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What's Wrong With Not Liking Current RPGs?


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Author Topic: What's Wrong With Not Liking Current RPGs?  (Read 4843 times)
DrBadLogic
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« Reply #30 on: July 05, 2008, 04:32:38 pm »

Somewhere I read that you can't die during character generation any more. Is this true? While that could be a good change for actually generating one character to play, it would really nerf the try to roll up ancient characters to kill time solitaire game.  Cool

I haven't played any of the lder Traveller editions.  I played one game with T4, so I have that edition and the Mongoose one.  In T4, you basically don't die or get injured - during character creation anyway.  But since you start aging in the game somewhere in your thirties, I think there's an incentive to stop while you're ahead.  Plus you get one skill per year, so you can actually be competent at something before the age of sixty.

In the Mongoose edition, there's the 'Iron Man' option in which you can indeed die.  As it is, in their standard version your character still runs the risk of being severely injured if unlucky, and incurring the relevant medical expenses.  In that version, however, you get one skill per four year term, so you're pretty much required to try and make it to old age.  Plus I found it frustrating that aside from missing promotions, I might completely screw up my ex-military character by losing several points from the one good stat s/he had.

I dunno.  It's one of my pet peeves that too many systems give you the wonderful opportunity to make a character who isn't actually very good at anything.  character limitations?  Great!  But it's annoying to come up with the idea of an agent character, and then arbitrarily get forced out of service in the first term.  (I'm clearly not Traveller's target audience!).
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randalls
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« Reply #31 on: July 05, 2008, 07:45:13 pm »

But it's annoying to come up with the idea of an agent character, and then arbitrarily get forced out of service in the first term.  (I'm clearly not Traveller's target audience!).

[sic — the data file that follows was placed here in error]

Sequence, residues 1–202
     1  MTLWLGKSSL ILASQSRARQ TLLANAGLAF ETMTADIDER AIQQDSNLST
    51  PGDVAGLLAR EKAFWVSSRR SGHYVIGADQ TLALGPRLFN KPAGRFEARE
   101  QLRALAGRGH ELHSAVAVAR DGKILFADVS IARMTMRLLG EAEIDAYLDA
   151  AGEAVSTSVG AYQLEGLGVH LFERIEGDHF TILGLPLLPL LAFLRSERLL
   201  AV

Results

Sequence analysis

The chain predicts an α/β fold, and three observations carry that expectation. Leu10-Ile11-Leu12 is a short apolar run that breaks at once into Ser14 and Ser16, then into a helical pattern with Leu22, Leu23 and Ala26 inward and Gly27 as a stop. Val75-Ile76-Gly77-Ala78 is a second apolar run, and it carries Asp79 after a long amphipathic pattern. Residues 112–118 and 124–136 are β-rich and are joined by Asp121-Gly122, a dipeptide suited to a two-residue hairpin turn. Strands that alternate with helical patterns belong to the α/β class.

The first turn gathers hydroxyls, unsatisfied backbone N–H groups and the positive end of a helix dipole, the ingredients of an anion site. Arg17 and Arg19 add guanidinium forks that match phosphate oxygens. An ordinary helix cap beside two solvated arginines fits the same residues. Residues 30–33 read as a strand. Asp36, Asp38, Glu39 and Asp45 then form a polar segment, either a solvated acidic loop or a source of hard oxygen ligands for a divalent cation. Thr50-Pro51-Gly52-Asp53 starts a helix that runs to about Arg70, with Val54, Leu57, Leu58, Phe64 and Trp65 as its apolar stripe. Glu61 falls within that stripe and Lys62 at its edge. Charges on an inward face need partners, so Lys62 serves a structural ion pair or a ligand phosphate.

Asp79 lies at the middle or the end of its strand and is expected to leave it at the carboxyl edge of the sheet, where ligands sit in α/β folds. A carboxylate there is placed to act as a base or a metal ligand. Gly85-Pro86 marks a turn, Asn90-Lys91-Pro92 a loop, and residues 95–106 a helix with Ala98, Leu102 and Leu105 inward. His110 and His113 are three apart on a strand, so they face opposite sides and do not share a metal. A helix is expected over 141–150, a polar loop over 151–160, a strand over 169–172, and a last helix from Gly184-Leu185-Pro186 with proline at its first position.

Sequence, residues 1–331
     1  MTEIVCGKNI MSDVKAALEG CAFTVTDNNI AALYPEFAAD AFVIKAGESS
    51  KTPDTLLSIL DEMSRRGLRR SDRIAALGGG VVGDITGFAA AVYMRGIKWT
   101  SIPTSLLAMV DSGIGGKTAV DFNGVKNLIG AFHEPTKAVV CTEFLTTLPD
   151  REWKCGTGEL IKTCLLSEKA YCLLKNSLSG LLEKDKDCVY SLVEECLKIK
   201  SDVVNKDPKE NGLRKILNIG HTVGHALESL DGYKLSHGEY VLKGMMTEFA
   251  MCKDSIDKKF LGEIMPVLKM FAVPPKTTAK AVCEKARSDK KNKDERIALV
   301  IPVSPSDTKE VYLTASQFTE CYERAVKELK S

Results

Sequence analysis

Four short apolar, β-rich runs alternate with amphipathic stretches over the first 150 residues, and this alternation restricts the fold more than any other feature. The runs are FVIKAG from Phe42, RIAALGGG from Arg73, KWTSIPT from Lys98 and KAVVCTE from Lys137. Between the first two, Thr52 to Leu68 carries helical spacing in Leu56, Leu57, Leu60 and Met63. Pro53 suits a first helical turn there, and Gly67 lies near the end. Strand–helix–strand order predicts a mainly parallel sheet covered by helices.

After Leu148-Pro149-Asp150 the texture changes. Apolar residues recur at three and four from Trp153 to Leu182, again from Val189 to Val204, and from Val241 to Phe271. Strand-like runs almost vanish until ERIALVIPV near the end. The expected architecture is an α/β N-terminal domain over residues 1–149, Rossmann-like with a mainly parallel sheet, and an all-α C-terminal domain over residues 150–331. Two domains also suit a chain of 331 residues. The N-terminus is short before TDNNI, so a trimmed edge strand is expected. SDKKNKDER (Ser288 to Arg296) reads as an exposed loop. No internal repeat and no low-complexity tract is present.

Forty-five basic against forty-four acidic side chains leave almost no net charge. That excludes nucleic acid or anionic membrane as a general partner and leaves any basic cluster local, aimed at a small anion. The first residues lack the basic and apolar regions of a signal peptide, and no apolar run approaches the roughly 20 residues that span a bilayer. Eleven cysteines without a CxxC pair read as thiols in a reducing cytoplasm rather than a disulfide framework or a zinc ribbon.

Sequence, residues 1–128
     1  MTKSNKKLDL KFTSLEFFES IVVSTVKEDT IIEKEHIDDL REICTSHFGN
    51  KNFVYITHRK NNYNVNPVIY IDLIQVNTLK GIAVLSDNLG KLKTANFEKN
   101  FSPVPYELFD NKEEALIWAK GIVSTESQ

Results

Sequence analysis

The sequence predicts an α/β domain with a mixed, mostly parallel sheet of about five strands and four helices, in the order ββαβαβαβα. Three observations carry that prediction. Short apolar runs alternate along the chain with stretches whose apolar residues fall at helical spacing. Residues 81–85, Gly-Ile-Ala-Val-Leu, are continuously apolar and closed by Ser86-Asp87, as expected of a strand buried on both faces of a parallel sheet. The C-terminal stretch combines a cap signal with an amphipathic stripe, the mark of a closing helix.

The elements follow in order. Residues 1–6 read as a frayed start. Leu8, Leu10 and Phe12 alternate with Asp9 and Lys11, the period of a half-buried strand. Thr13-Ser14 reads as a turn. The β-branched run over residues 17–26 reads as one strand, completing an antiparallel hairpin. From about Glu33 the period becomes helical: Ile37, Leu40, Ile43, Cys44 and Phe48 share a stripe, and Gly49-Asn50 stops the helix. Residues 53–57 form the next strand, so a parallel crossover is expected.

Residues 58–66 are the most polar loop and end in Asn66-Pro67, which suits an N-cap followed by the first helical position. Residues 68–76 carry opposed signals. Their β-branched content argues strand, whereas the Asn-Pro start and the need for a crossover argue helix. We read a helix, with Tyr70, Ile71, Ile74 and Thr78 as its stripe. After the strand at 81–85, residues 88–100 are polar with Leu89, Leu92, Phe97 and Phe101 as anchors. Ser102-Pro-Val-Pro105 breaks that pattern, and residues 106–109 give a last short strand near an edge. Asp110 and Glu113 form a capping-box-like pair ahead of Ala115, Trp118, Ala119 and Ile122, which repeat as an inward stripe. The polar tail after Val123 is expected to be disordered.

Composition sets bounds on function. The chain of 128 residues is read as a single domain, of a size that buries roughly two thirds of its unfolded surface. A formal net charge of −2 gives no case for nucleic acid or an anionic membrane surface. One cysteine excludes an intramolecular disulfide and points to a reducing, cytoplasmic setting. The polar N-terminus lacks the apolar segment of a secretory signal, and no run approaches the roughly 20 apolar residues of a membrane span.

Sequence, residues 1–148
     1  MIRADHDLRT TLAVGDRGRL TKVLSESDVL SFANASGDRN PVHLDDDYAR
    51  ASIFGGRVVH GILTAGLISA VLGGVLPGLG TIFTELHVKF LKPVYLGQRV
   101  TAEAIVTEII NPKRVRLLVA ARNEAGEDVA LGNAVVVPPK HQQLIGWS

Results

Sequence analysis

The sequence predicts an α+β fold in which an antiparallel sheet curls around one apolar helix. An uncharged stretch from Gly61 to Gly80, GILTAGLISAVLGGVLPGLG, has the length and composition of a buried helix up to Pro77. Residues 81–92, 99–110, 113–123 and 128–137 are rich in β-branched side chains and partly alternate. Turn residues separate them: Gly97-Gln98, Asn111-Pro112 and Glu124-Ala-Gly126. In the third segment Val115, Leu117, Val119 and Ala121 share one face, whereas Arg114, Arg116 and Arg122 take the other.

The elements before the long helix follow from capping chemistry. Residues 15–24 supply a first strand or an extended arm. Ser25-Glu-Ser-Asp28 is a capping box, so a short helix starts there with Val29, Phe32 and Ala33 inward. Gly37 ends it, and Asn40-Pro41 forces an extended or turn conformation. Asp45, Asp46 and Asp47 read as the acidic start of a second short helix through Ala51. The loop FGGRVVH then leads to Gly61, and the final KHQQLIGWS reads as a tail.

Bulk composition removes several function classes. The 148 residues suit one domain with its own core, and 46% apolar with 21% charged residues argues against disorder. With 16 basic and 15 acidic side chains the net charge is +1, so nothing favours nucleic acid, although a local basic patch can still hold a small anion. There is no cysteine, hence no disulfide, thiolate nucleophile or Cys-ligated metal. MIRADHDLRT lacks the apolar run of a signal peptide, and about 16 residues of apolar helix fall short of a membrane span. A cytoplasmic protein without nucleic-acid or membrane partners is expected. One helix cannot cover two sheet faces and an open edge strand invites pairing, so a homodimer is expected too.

Rolling characters was a game in itself back in the Classic Traveller days. Generally, failed characters like that did not get played, but were used as NPCs when one was needed.
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DrBadLogic
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« Reply #32 on: July 06, 2008, 12:22:30 pm »

Rolling characters was a game in itself back in the Classic Traveller days. Generally, failed characters like that did not get played, but were used as NPCs when one was needed.

I'm an impatient kinda guy.  I like twists that make you rethink what your character is doing (or even boons that make your character great at something you'd never normally consider doing...).  I just don't like going through character gen until I finally get something decent.  I'm not that committed.

On that topic, I quite like Sorcerer.  There's basically four stats, all your skills use a single 'cover' skill which represents what you actually do...
Plus you assign a set number of points, which is a style of game I tend to gravitate to these days.

(I also like Unknown Armies in that your toughness as a character depends on what you're willing to do, and the biggest rewards go for the biggest risks).
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evernevermore
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« Reply #33 on: September 02, 2008, 11:30:36 am »

Sorry about Necroing this thread but I want to trot out my spin on this line of reasoning.

I dont think there is anything wrong with not liking current RPGs, provided you actually give the rules a read through. If you instantly shoot down a game because its from after 1989 your being as bad as the people who insist that you play the "one true RPG".